My Gun Story - Montana Rifle Co. Model 1999 in .30-06

I started college in 2015 at Piedmont Technical College, one of the few in the United States that offered a dedicated gunsmithing program. One of the big projects in the program was that each student would build their own custom rifle from a Montana Rifle Company action, Green Mountain barrel, and hand-carved stock. It would be our first custom build for many of us, and was to be our resume to find work after graduating from the program. In practice, it took about 6 months to build. 
 

 The supplied action; in need of a barrel and stock. 

The supplied action; in need of a barrel and stock. 

We were to turn, thread, and chamber our own barrels using rifled barrel blanks supplied from Green Mountain Barrels. Before we worked on our live barrel (where mistakes could be costly or even dangerous), we started by drilling out a piece of bar stock and threading/ "chambering" it to learn the basics and get experience cutting a chamber so that a cartridge would headspace appropriately. 

 

 The action now "barreled" with a faux barrel stub and checked with headspace gauges to confirm proficiency and understanding of the task. 

The action now "barreled" with a faux barrel stub and checked with headspace gauges to confirm proficiency and understanding of the task. 

Once we passed the test and made it clear that we could do a safe and accurate machining job on a barrel stub, we were presented with our live barrels which we mated to the receivers. This was a great accomplishment and the first step of tangible progress towards completing our new custom rifles. We had been in school for two semesters, roughly 6 months, before we got to this step, and it was a very rewarding moment. The next step in the progress, however, would take an entire semester (months of work) of daily dedication to complete. 

The action had been barreled and technically the mechanical components were complete. We test fired the barreled actions with a single shot, confirming the function of the firearm. Next, the barreled action had to be fitted to our supplied stock blanks. 

 We received our stock blanks in this condition - roughly shaped, but in need of lots of work to fit all of the components and finish by hand. 

We received our stock blanks in this condition - roughly shaped, but in need of lots of work to fit all of the components and finish by hand. 

 Dropping the barreled action into the stock for fitting. 

Dropping the barreled action into the stock for fitting. 

The process was very slow, as we were going for a perfect 1:1 fitment of the action to the stock. The metal components were painted with a transfer dye material known as "inletting black". These components were then carefully dropped into the wood, and settled with one or two very light taps. The inletting black on the metal would mark the places where it made contact with wood. It was in these places that we worked, slowly, carefully, removing little scratches of metal at a time.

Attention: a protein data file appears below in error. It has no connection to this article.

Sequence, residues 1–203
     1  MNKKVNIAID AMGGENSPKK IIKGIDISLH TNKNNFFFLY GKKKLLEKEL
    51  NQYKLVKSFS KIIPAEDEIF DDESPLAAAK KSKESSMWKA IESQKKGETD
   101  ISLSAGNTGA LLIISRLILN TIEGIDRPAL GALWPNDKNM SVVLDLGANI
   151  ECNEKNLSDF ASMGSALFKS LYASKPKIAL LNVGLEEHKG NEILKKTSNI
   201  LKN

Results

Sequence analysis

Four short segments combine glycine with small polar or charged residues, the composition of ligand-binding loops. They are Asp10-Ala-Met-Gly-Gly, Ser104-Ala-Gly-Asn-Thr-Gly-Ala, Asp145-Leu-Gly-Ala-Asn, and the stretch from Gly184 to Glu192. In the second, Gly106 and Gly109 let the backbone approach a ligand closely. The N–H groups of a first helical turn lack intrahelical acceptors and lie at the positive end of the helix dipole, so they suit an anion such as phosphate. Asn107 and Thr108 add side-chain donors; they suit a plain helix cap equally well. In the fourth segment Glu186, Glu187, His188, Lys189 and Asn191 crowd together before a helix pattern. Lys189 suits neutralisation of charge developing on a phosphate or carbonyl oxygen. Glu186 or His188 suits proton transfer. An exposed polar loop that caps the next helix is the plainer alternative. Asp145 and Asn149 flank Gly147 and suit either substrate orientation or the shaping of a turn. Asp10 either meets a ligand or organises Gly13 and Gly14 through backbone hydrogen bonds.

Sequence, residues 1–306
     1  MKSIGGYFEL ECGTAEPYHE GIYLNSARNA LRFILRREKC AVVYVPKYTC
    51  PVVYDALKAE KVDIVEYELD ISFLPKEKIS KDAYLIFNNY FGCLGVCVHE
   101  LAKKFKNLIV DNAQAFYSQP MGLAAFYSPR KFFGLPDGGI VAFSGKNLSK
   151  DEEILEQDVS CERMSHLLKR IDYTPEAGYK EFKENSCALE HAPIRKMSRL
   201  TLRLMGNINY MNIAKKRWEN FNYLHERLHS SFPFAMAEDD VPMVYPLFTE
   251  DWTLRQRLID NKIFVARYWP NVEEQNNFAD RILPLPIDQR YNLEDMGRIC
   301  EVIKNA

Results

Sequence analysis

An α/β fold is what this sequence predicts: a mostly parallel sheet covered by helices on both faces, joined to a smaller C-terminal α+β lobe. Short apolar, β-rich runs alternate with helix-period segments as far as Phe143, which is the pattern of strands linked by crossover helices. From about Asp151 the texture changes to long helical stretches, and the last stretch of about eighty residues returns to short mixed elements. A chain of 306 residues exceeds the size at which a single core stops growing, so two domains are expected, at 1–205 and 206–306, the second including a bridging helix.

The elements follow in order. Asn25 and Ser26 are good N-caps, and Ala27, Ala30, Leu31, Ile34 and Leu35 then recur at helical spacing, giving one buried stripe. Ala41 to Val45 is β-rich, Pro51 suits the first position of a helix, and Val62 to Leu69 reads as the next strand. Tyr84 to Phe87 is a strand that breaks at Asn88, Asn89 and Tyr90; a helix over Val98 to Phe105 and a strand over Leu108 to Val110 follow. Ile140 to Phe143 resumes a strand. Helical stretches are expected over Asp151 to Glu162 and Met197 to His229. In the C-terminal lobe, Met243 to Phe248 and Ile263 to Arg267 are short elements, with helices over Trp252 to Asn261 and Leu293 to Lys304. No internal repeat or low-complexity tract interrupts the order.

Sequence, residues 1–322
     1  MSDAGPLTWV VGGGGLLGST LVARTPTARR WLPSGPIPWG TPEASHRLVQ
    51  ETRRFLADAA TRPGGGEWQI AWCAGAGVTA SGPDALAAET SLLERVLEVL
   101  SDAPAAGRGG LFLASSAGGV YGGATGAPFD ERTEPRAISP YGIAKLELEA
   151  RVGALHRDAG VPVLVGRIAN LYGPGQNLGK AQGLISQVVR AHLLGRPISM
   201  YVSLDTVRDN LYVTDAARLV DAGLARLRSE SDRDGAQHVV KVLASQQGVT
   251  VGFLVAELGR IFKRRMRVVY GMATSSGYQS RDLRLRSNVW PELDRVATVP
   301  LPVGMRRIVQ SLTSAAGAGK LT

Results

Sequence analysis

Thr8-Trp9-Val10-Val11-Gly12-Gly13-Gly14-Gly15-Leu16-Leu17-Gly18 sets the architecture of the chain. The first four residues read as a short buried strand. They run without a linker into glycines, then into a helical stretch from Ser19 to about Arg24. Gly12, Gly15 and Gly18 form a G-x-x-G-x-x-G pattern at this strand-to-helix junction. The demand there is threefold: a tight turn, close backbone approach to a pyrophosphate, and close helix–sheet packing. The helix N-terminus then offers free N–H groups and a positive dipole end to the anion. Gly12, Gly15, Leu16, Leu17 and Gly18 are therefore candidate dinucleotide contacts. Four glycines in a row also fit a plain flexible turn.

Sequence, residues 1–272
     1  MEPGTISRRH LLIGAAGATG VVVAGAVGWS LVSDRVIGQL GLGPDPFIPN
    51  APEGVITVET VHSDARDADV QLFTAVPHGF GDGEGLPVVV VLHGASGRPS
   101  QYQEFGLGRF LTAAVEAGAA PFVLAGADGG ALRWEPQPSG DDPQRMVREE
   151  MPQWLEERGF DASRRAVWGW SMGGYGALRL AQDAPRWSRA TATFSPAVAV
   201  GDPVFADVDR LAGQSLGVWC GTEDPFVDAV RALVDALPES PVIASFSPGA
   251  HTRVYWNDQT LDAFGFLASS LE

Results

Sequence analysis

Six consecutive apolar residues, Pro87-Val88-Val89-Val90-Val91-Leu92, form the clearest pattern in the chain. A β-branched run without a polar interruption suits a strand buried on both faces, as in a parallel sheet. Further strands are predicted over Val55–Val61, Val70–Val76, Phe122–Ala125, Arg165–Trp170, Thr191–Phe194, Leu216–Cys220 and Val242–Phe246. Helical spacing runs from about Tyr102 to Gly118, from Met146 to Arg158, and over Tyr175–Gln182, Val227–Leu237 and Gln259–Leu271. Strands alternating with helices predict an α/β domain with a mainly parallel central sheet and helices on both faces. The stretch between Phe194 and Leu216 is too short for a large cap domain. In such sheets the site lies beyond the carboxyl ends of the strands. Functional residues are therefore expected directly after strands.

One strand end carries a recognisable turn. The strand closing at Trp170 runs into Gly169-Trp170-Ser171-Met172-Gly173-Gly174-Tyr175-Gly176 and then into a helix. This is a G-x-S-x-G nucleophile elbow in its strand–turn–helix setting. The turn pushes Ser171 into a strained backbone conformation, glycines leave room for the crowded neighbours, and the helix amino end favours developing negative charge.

For heavier cuts, we used our swiss-made wood gouges, of which we had multiple profiles. These allowed the cutting (more like peeling) of larger amounts of wood in controlled action. As we got closer and closer to the dimension we needed, we started to transfer to wood scrapers. These tools would scrape away wood, little bit by little bit, to remove specifically where wood needed to be removed and leave a smooth finish. 

This process continued for weeks at a time, until our actions fit perfectly into the stocks. At this point, they were pillar and glass bedded for accuracy and repeatability. 

 The action, mated to the stock. 

The action, mated to the stock. 

 Bedding the action to the stock. A two-part epoxy is mixed and a release agent applied to the metal to prevent the action being permanently stuck. The epoxy is applied inside of the stock and the action clamped in place. As the epoxy hardens, it will mold to the imprint of the action and provide a solid, repeatable contact surface that is unaffected by pressure, heat, humidity, or other effects. 

Bedding the action to the stock. A two-part epoxy is mixed and a release agent applied to the metal to prevent the action being permanently stuck. The epoxy is applied inside of the stock and the action clamped in place. As the epoxy hardens, it will mold to the imprint of the action and provide a solid, repeatable contact surface that is unaffected by pressure, heat, humidity, or other effects. 

 I don't actually have more pictures from the shaping of the African Blackwood forend tip - but here is the process we used for lining up and squaring the stock for its installation. 

I don't actually have more pictures from the shaping of the African Blackwood forend tip - but here is the process we used for lining up and squaring the stock for its installation.